My Lord of Canterbury's return to His Majesty's Instructions, for the year 1636

May it please your sacred Majesty,

According to your royal commands expressed in your late instructions for the good of the Church, I do here most humbly present my yearly account for my diocese and province of Canterbury for this last year, ending at Christmas 1636.

And first for my own diocese.

I have every year acquainted your Majesty, and so must do now, that there are still about Ashford and Edgerton divers Brownists and other Separatists; but they are so very mean and poor people that we know not what to do with them. They are said to be the disciples of one Turner and Fenner, who were long since apprehended and imprisoned by order of your Majesty's High Commission Court; but how this part came to be so infected with such a humour of Separation I know not, unless it were by too much connivance at their first beginning, neither do I see any remedy like to be, unless some of their chief seducers be driven to abjure the kingdom, which must be done by the Judges at the Common Law, but it is not in our power.

Marginal comment by the king.[Inform me of the particulars and I shall command the judges to make them abjure.].

There have been heretofore many in Canterbury that were not conformable to church discipline, and would not kneel at the Communion, but they are all now very conformable, as I hear expressly by my Officers, and that there is no falling away of any to recusancy....

In the diocese of London I find that my lord the bishop there (now by your Majesty's grace and favour Lord High Treasurer of England) hath very carefully observed those instructions which belong to his own person, and for the diocese his lordship informs me of three great misdemeanours: the one committed by Dr Cornelius Burgess, who in a Latin sermon before the clergy of London uttered divers insolent passages against the bishops and government of the Church, and refused to give his lordship a copy of the sermon, so there was a necessity of calling him into the High Commission Court, which is done.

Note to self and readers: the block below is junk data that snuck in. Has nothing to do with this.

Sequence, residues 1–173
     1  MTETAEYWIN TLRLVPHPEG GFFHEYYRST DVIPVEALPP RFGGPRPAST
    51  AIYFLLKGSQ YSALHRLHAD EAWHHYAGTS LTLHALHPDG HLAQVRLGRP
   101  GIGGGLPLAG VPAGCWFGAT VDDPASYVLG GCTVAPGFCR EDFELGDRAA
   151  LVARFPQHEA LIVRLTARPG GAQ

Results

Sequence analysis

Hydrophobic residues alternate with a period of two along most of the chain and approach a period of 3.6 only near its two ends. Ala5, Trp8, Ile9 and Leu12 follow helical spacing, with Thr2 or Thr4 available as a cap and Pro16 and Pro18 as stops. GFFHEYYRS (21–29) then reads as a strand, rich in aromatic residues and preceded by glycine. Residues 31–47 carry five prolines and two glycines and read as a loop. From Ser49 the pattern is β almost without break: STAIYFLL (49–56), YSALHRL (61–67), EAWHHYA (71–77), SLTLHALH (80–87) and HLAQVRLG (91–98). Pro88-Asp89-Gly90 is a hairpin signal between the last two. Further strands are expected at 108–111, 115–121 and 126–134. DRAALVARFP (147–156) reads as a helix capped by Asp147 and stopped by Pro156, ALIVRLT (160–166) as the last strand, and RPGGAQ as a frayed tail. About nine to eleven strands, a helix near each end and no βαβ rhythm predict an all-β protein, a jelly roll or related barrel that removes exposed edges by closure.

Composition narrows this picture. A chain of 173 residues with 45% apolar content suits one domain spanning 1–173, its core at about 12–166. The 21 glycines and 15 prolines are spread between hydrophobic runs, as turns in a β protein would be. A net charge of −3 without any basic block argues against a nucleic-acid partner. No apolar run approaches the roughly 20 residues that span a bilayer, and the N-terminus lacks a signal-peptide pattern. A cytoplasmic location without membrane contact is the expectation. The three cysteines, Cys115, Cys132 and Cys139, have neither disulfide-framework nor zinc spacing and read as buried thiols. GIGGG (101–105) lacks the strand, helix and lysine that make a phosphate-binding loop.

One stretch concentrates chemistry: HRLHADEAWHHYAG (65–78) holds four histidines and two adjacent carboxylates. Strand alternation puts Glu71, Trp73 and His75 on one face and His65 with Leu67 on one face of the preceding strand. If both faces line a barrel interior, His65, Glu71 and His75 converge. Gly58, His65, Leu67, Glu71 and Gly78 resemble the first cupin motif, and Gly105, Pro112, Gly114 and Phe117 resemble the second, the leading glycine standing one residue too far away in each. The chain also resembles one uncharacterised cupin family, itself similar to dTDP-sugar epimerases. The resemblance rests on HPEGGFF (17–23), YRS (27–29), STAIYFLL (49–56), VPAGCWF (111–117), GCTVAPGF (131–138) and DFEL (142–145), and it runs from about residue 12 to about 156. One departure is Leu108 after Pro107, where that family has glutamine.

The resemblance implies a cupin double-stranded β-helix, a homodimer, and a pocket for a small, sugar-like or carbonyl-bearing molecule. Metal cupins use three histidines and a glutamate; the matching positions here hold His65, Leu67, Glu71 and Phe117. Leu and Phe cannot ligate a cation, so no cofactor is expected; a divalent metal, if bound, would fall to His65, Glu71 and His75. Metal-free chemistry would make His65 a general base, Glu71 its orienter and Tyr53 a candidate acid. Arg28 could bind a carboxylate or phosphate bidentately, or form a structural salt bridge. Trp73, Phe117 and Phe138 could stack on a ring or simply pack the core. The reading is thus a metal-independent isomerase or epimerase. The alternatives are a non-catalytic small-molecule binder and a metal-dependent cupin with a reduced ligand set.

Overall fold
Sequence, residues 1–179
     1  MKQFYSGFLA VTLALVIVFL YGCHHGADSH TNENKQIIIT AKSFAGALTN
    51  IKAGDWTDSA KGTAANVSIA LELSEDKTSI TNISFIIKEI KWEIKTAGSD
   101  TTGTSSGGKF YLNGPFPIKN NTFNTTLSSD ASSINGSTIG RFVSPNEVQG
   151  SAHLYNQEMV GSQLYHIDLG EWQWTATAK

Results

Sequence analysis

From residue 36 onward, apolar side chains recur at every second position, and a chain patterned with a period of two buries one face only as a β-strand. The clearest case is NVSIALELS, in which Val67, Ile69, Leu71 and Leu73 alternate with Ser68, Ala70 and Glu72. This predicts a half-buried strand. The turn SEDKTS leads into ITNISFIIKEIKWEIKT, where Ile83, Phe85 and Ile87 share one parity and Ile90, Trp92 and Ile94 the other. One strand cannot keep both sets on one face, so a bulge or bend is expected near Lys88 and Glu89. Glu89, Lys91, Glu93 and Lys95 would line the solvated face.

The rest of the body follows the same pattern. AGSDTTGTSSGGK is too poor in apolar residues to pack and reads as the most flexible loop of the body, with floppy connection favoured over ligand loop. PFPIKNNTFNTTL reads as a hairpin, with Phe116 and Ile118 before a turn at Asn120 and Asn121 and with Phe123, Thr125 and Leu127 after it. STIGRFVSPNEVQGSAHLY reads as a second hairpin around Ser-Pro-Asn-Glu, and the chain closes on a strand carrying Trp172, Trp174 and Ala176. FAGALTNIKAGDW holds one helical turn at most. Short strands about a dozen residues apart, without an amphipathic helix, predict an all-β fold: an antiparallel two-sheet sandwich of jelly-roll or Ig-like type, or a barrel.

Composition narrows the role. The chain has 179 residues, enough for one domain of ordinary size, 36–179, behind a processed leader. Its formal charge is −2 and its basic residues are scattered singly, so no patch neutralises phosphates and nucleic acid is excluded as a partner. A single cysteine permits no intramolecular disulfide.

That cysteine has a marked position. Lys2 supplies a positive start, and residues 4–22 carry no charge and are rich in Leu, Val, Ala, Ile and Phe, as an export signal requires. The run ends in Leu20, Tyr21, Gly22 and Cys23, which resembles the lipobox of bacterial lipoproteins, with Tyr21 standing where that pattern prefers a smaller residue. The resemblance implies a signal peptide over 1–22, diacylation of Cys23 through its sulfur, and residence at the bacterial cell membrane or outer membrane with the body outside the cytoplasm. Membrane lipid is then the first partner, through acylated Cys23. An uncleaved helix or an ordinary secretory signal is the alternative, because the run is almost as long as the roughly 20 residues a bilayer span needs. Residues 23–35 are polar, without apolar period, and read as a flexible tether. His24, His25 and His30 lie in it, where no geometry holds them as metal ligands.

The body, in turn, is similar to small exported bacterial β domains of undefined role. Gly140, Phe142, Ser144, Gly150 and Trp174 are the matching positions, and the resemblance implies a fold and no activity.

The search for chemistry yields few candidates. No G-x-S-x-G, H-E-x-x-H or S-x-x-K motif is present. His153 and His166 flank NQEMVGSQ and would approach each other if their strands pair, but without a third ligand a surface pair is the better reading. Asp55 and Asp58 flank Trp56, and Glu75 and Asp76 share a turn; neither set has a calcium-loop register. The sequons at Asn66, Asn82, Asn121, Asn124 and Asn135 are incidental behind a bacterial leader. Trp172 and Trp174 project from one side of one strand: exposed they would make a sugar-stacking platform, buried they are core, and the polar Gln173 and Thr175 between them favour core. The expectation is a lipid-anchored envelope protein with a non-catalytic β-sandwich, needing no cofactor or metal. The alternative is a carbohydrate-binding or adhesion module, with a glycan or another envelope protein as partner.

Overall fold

The second misdemeanour is of one Mr Wharton, a minister in Essex, who in a sermon at Chelmsford uttered many unfit and some scurrilous things, but for this he hath been converted, and received a canonical admonition, and upon his sorrow and submission any further censure is forborne.

The third misdemeanour which my Lord complains of is the late spreading and dispersing of some factious and malicious pamphlets against the bishops and government of the Church of England, and my lord further certifies that he hath reasonable ground to persuade him that those libellous pamphlets have been contrived, or abetted and dispersed, by some of the clergy of his diocese; and therefore desires me to use the authority of the High Commission for the discovery of this notorious practice, to prevent the mischiefs that will otherwise ensue upon the government of the Church. This, God willing, I shall see performed; but if the High Commission shall not have power enough, because one of these libels contains seditious matter in it and that which is very little short of treason (if any thing at all), then I humbly beg leave to add this to my Lord Treasurer's motion, and humbly to desire, that your Majesty will call it into a higher court, if you find cause, since I see no likelihood but that these troubles in the Church, if they be permitted, will break out into some sedition in the Commonwealth....